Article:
An Epic Showdown Between Pro and Anti VA Privatization Forces

Hopefully regular readers here at the Washington Monthly will have read the ground-breaking investigative article by Alicia Mundy in the current edition of the magazine titled: The VA Isn’t Broken, Yet. Since that piece was published, there have been a few developments that were discussed by editor in chief Paul Glastris here and here.

Today the Boston Globe published an article by Glastris that focuses on the fact that forces behind the so-called “VA scandal” in 2014 have been attempting to lay the groundwork to privatize health care services for veterans.

Should America’s veterans receive health care at hospitals and clinics run by the federal government, as they have for more than a century? Or should they be treated by private doctors and hospitals, with the US Department of Veterans Affairs (VA) picking up the tab?

This enormously important question will be discussed, and perhaps decided, at meetings on Monday and Tuesday of the Commission on Care. That’s a federally chartered group that is writing binding recommendations on the future of the VA.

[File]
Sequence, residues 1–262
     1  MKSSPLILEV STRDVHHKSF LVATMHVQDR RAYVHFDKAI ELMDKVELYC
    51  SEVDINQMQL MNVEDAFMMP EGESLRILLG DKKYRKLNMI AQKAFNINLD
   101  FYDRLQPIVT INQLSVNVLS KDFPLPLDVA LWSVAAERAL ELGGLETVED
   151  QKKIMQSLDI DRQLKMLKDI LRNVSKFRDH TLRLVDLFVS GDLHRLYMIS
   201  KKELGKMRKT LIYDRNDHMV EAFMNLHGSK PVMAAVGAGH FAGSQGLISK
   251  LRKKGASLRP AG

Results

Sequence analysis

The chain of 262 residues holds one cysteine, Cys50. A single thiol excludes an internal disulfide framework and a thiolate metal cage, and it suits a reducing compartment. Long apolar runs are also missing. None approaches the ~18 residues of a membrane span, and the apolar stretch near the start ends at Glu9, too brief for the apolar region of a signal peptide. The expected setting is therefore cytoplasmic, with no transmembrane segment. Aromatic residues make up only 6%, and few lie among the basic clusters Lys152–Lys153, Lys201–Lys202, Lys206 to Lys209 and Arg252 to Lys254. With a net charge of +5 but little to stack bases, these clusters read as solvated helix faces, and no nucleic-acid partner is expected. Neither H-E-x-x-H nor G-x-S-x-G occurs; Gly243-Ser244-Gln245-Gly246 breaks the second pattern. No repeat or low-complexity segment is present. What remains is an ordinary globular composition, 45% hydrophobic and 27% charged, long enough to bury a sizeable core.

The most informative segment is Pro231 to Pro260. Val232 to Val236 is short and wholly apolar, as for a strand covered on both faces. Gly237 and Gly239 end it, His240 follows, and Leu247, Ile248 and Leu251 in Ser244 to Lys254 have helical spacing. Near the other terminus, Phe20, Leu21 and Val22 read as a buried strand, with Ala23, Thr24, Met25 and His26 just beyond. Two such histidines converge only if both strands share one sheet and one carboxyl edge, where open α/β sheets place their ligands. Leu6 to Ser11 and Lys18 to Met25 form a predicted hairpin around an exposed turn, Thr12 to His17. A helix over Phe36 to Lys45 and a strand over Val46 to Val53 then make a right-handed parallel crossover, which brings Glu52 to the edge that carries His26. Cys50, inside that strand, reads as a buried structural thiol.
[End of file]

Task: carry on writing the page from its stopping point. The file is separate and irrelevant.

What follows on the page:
The Commission on Care is the 15 member body that was created by Congress to respond to the allegations that surfaced in 2014. That group – which includes four executives with major medical centers that stand to gain from the outsourcing of veterans’ care and two who work for Koch-backed groups like Concerned Veterans for America – is holding meetings today and tomorrow that will include testimony from the American Legion and Veterans of Foreign Wars (who oppose privatization). Glastris wonders whether anyone will notice.

So the meeting will likely be an epic showdown between pro- and antiprivatization forces that could profoundly influence the commission’s final recommendations, due out in June. Hopefully, someone from the media will be there to tell us what happened.

Washington Monthly - Donate today and your gift will be doubled!

Support Nonprofit Journalism

If you enjoyed this article, consider making a donation to help us produce more like it. The Washington Monthly was founded in 1969 to tell the stories of how government really works—and how to make it work better. Fifty years later, the need for incisive analysis and new, progressive policy ideas is clearer than ever. As a nonprofit, we rely on support from readers like you.

Yes, I’ll make a donation

Nancy LeTourneau

Nancy LeTourneau is a contributing writer for the Washington Monthly. Follow her on Twitter @Smartypants60.